Inside money, markets, and Big Tech

This article was published on January 20, 2009


    US venture fundraising is going to take a rest for a while

    US venture fundraising is going to take a rest for a while
    Mircea Goia
    Story by

    Mircea Goia

    Mircea Goia was born in Romania and emigrated to US in 2005. He lives in Phoenix, AZ and works as web developer. His is involved in several Mircea Goia was born in Romania and emigrated to US in 2005. He lives in Phoenix, AZ and works as web developer. His is involved in several online projects and one of them is MyTestBox.com. Mircea shows a keen interest in commercial Web development such as social networks, viral marketing, e-commerce, online video (and filmmaking). He can be reached on his personal website (for suggestions, news, tips).

    Now, there are many bad news out there regarding this crappy economy (there are also some good news too:  here and there).

    This is another one on top of the bad news list and regards to “oil” which makes up part of the economies function (at least in US): venture capital.
    nvca_logo

    National Venture Capital Association reports (according to Reuters) that in Q4 the fundraising dropped about 71% from the same period in 2007 (3.8 billion vs. 11.7 billion in Q4 2007) and a substantial decline comparing with Q3 2008.

    For the whole year 2008 the funds raised were in amount of $28 billion comparing with the year prior ($35 billion).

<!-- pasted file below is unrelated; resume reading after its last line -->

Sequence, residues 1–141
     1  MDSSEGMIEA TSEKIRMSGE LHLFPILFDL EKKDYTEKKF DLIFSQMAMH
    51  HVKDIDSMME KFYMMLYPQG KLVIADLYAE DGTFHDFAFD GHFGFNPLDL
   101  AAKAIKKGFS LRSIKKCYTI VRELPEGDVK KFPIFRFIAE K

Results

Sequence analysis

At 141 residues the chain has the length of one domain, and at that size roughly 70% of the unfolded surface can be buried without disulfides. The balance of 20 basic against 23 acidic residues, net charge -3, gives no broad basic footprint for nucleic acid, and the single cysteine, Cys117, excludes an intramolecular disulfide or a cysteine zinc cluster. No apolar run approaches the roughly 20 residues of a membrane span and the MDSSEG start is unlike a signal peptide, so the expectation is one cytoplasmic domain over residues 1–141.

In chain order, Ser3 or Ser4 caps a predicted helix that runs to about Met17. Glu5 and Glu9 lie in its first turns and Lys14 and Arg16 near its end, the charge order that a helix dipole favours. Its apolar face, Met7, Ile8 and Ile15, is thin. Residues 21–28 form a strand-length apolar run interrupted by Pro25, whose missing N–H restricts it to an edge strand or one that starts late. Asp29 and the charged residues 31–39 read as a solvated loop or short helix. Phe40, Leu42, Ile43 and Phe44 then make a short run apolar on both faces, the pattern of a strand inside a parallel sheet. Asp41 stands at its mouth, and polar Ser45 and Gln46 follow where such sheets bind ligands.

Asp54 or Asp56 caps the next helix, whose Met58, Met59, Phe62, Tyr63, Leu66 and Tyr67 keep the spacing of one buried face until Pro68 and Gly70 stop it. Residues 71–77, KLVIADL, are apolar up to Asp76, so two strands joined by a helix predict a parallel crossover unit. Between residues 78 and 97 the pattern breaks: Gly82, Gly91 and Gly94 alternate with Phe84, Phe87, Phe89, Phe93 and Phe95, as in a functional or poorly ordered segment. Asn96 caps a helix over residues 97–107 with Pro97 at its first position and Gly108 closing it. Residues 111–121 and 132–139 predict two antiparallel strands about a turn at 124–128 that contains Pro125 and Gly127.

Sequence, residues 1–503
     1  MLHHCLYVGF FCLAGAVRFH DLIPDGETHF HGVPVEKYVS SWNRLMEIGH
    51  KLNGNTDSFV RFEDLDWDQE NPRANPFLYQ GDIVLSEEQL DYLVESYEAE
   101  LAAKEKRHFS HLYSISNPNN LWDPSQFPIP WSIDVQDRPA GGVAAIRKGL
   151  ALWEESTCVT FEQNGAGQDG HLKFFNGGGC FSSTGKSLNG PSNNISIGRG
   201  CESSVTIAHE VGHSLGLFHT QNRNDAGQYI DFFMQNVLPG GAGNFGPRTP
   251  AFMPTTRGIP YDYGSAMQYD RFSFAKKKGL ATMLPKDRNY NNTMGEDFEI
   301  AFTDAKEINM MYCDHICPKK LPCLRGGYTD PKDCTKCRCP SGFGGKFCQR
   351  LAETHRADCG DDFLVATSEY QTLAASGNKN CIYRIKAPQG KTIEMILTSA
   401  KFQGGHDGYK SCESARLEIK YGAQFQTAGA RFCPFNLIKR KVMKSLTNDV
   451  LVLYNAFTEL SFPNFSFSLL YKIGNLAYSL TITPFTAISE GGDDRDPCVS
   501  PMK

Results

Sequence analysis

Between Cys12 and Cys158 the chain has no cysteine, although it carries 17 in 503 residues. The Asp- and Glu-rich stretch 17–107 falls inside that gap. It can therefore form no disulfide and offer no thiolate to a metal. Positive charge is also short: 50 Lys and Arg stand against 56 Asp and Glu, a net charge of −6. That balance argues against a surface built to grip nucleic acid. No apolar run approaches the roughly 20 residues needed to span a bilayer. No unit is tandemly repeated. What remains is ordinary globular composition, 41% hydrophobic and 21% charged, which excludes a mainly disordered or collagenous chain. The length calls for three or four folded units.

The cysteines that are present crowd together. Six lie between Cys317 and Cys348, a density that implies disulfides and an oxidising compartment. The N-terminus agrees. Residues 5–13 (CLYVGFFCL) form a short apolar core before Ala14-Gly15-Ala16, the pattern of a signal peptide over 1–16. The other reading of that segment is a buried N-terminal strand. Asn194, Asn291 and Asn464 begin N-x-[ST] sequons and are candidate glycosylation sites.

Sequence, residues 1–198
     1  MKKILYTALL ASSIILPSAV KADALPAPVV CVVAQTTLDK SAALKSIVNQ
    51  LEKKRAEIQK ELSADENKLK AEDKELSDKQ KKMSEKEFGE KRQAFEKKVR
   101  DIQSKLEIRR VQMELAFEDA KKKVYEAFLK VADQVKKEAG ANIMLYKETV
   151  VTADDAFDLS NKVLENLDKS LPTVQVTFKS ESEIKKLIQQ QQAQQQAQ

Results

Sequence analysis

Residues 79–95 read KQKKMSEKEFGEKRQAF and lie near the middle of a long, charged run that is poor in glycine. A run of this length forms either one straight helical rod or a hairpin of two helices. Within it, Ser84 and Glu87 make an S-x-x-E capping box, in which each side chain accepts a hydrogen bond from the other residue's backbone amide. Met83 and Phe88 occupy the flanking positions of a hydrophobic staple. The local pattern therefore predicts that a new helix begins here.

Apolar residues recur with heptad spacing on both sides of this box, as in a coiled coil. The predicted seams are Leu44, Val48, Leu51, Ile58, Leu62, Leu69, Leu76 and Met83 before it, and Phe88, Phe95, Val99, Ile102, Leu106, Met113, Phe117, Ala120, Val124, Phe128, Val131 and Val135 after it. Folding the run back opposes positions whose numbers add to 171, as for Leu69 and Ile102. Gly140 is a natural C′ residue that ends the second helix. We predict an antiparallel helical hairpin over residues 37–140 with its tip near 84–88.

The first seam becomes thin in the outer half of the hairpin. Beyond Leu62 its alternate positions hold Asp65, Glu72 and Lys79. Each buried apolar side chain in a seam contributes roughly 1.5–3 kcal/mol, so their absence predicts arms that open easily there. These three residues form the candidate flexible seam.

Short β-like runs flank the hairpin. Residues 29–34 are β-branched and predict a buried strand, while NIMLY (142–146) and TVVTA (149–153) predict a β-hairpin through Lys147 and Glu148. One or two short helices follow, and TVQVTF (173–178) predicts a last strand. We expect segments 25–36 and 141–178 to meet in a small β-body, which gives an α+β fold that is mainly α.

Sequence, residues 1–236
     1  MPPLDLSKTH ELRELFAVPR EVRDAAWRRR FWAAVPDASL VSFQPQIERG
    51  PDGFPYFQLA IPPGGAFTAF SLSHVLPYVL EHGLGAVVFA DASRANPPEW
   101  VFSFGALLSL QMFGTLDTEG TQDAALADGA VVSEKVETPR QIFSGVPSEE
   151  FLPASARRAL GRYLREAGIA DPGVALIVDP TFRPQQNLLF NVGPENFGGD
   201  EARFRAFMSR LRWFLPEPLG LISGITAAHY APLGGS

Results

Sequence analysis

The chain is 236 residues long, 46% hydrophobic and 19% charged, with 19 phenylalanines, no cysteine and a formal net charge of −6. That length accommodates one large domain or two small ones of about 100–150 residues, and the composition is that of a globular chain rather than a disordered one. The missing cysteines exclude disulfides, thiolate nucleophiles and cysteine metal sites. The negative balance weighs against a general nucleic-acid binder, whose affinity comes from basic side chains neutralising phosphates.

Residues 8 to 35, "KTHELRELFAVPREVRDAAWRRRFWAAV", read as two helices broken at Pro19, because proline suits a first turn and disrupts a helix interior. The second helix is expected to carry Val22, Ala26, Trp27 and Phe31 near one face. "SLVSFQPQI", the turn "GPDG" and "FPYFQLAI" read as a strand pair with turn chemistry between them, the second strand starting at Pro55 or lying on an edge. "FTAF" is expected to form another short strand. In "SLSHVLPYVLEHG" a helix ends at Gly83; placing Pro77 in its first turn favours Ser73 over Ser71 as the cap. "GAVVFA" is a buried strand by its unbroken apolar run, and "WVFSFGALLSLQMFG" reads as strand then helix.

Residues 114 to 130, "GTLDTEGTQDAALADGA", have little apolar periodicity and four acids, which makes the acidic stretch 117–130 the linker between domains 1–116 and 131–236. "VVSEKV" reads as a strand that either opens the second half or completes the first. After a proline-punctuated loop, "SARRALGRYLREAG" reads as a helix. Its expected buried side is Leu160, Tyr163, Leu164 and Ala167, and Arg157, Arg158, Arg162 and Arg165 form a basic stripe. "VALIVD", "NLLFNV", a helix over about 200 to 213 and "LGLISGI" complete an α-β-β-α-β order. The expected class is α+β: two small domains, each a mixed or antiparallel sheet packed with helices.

The champions of venture capital funds in 2008 are Sequoia Capital ($929 million raised), Austin Ventures ($900 million raised), Essex Woodlands Health Ventures Fund ($892 million raised). There were 18 funds that raised worth $500 million or more.

    There were only six IPO exits last year (the worst in 30 years), 260 M & A transactions (the worst in 5 years).

    The largest IPO of 2008 was Rackspace Hosting ($187 million). All but one of 2008 IPOs are trading below their offering price.

    The largest M & A transaction of the year 2008 was EqualLogic, Inc, a developer of storage area network solutions, which was purchased by Dell, for $1.4 billion in January (the largest of the Q4 was the purchaing of Bill Me Later, online payment solutions provider, by eBay – $945 million).

    The most significant impact of the US financial crisis on the venture capital industry has clearly taken place in the exit markets,” said Mark Heesen, president of the NVCA.

    As it looks now, the trend could continue in 2009 also until the exit markets re-open and the pipeline is cleared. Let’s hope that pipeline is cleared sooner rather than later.

    How are the things in Europe?